In defense of UAA

Despite our university’s diverse and non-traditional student body, students around campus tend to have one thing in common: UAA was not their first choice. Countless students came here because their first-choice college would have put them in debt or because their parents forced them to go to save money. It’s no wonder why everyone here loves complaining about UAA: a significant portion of the student body is dispassionate and resentful of the fact that they’re here in the first place.

In fact, we love complaining about UAA so much that we turned their promotional campaign, UAAmazing, into an ironic hashtag. Ticketed for a minor parking violation? #UAAmazing. Got sick from the food in the Commons? #UAAmazing. Angry about wasted money on skybridges? #UAAmazing.

It’s not that UAA doesn’t have its issues. Budget cuts continue to pose challenges and have depleted student services, wrecked university departments and raised tuition. Residential campus feels like a rip-off. Academic, health and social services are confusing and decentralized. The campus is inefficiently spread out, forcing us to drive class-to-class, or even venture into town to find the University Center. I could go on, but at the very least it’s suffice to say that UAA has a lot of work to do.

However, to consider UAA as a desperate, least-desirable, tool of last resort is a mistake. Instead, UAA should also be considered a top-choice university for students graduating high school in Alaska.

First of all, UAA students looking for academic excellence should have little to complain about. We’ve got our fair share of lazy, incompetent professors — so does every university, including ones that charge tens of thousands more in tuition per year. What we seldom acknowledge is that we’ve also got some of the most talented faculty in the country. From award winning political science professors that have been elected to international councils to justice professors that have argued in front of the Supreme Court, UAA undoubtedly attracts quality teaching.

Impressive faculty aside, there aren’t many academic departments and programs that fail to match up to other public universities our size. Besides, unless you’re sold on what you’d like to do for the rest of your life, your undergrad is relatively inconsequential in the first place.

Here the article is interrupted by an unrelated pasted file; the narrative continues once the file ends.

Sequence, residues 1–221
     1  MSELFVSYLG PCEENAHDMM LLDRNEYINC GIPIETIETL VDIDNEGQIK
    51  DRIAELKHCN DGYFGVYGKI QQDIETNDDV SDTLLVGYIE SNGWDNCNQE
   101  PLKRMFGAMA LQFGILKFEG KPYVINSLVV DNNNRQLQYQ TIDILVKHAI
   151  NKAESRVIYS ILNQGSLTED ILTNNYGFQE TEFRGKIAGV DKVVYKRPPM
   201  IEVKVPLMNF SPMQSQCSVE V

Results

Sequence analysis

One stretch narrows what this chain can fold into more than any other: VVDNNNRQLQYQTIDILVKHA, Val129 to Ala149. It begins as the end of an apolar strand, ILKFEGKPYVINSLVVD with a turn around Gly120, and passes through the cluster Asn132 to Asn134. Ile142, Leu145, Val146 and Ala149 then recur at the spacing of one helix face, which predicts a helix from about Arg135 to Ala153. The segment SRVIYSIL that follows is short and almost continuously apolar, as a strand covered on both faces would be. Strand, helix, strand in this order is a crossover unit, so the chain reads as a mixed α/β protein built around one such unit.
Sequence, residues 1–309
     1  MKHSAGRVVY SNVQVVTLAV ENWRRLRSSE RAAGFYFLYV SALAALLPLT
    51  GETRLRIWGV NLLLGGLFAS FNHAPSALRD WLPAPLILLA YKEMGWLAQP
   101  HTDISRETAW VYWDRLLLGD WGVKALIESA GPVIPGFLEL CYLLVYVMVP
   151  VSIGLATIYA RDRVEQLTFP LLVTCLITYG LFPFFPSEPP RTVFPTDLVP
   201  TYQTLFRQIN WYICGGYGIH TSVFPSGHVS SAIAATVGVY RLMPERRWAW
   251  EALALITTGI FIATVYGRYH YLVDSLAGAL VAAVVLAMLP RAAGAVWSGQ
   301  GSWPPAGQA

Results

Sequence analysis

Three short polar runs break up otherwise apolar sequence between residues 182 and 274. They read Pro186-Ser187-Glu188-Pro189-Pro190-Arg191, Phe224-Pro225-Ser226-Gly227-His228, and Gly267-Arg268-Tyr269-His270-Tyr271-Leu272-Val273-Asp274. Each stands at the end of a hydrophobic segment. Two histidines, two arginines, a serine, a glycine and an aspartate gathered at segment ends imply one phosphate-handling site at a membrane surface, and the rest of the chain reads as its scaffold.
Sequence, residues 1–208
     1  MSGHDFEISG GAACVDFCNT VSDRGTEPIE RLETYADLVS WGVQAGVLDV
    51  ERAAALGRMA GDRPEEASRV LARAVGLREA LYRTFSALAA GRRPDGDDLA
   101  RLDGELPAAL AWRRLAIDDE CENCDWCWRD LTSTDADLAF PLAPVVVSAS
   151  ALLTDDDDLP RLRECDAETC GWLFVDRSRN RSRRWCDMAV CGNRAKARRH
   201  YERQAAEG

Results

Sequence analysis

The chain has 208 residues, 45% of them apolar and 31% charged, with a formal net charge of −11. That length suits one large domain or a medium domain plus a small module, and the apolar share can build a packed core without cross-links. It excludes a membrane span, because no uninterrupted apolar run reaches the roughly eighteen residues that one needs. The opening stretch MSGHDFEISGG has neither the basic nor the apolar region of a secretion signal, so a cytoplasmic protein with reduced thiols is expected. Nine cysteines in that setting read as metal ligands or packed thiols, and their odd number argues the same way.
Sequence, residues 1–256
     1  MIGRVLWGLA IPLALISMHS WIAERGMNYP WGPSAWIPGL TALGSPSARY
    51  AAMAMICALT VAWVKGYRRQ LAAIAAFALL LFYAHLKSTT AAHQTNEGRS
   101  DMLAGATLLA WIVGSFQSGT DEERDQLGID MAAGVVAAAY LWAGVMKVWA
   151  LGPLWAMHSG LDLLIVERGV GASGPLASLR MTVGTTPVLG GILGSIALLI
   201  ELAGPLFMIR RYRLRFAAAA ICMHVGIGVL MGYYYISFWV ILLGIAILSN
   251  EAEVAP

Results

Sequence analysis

Next, there’s campus involvement. I can’t begin to tell you how sick and tired I am of hearing that there’s “nothing to do around campus.” UAA has 170 campus clubs and six Greek Life organizations registered, all of whom constantly hold meetings, events and activities for students to participate week-to-week. There’s something for everyone at UAA, whether or not you’re a fierce advocate for reproductive rights at Generation Action or an avid knitter at Chronicles of Yarnia.

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If student clubs aren’t your thing, UAA is also home to a host of formidable sports teams and academic opportunities, including our award winning women’s basketball team and our internationally-competitive debate program.

There’s plenty to do here. The problem is that we’re so busy complaining about how futile UAA is that we fail to see the opportunities that are actually available.

Lastly, our relentless pessimism makes us unnecessarily critical of many of UAA’s services. For instance, everyone has a bad story about Parking Services issuing a frivolous ticket. Point taken. However, it’s a bit bizarre that we complain about how there’s “no parking.” Hot take: is there no parking available, or are we simply too lazy to use the parking garages and walk a few minutes to class?

To be clear, it’s not that UAA is the shining university on the hill. But we need to change the way we evaluate UAA. If you’re for an Ivy League education, you won’t find it here. But for roughly $20,000 a year, we’re getting far more than we take for granted: a quality institution full of opportunity and excellence.